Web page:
I'm trying to understand the physical meaning of the proposal step generating function in Metropolis algorithm.
In the original paper, and most derivations I found, it seems that it's not much important as long as it's symmetric (for detailed-balance) and allows a good exploration of the configuration space (e.g. $\sim 0.5$ acceptance ratio). Usually it's either a uniform or a normal distribution.
Now when studying Simulated Annealing, most papers assume a common use of a normal distribution with $\sigma = T$.
Given simulated annealing is deeply rooted in physical analogy, if we put the temperature there, there must be some physical sense we're trying to model. I mean, we could use a fixed uniform distribution with the proper width and still get good enough parameter space exploration and boltzmann distribution in the result, so why we use a gaussian and why the temperature dependence?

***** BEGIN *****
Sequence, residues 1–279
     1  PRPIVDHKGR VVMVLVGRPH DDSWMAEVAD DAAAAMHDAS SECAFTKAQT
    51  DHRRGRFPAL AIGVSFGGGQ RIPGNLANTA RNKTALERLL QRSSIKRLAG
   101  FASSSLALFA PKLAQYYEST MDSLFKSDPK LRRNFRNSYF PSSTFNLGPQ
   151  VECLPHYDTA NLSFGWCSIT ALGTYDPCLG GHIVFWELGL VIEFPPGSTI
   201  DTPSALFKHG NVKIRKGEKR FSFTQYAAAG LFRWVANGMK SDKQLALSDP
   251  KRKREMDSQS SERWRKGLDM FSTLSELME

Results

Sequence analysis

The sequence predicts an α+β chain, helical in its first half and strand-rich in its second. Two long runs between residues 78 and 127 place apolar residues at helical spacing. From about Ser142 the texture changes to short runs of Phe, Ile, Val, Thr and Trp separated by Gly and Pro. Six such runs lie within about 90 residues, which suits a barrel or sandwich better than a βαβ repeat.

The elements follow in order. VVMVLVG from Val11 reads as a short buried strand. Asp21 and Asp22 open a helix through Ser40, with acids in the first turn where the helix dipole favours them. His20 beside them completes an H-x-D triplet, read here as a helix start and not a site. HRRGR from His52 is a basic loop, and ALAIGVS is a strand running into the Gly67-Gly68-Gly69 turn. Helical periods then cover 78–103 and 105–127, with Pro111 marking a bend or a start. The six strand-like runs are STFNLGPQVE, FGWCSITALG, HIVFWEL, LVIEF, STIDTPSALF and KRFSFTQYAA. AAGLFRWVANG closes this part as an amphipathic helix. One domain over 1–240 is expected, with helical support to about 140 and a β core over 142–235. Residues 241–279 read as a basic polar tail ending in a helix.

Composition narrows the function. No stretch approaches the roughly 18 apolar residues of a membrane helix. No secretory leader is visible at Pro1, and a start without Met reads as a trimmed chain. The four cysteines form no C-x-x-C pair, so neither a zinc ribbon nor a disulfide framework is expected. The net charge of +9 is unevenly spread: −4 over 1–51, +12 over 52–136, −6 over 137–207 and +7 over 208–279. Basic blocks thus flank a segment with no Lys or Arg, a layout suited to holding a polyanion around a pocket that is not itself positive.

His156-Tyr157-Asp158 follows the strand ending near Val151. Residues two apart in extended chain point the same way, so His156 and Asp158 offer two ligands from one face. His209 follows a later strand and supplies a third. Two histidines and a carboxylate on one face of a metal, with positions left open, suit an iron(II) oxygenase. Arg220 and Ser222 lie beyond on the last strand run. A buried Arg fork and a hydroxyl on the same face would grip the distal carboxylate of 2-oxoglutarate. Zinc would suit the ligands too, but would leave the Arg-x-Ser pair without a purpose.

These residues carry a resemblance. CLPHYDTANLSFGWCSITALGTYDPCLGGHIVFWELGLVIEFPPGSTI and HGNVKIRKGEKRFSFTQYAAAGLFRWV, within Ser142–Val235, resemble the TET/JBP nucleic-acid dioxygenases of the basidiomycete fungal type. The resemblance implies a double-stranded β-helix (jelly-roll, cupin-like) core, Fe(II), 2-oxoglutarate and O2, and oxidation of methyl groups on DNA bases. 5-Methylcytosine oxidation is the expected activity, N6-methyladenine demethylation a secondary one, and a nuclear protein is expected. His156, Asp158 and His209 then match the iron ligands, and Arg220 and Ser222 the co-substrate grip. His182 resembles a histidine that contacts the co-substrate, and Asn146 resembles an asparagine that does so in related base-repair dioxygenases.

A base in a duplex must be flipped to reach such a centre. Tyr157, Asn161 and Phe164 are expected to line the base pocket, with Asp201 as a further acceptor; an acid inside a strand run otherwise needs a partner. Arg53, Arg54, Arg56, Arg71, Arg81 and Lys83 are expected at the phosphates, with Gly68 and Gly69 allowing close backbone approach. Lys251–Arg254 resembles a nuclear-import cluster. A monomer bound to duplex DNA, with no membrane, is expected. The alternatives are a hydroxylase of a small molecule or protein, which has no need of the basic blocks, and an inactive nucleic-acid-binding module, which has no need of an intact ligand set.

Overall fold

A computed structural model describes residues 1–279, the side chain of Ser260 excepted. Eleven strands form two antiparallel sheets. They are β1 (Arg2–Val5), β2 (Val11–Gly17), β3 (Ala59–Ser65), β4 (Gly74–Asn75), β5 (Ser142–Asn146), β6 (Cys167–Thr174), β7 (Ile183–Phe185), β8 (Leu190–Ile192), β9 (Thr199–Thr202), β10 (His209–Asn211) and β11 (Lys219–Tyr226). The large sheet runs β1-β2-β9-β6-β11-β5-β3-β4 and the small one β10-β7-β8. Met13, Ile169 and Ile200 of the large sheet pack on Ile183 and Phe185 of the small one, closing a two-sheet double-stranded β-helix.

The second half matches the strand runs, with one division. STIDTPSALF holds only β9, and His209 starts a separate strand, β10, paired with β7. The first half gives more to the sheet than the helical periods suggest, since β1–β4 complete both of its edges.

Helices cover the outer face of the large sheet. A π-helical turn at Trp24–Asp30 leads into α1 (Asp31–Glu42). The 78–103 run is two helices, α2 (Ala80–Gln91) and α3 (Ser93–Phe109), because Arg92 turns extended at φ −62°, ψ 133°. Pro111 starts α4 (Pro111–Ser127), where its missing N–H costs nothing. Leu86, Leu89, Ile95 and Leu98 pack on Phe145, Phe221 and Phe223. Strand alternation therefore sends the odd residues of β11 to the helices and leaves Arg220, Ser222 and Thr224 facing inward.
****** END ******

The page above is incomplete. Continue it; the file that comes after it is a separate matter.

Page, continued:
Also, when Cauchy distribution is introduced (e.g. by Szu and Hartley, 1987) they say the temperature used as a control parameter is kind of artificial, implying that the one in the Gaussian was not.
So what's the physical phenomenon with Gaussian, temperature dependent, steps we're modeling?
I know it all can be better explained with markov chains, priors, posteriors and likelihood, but that way you lose the physical analogy...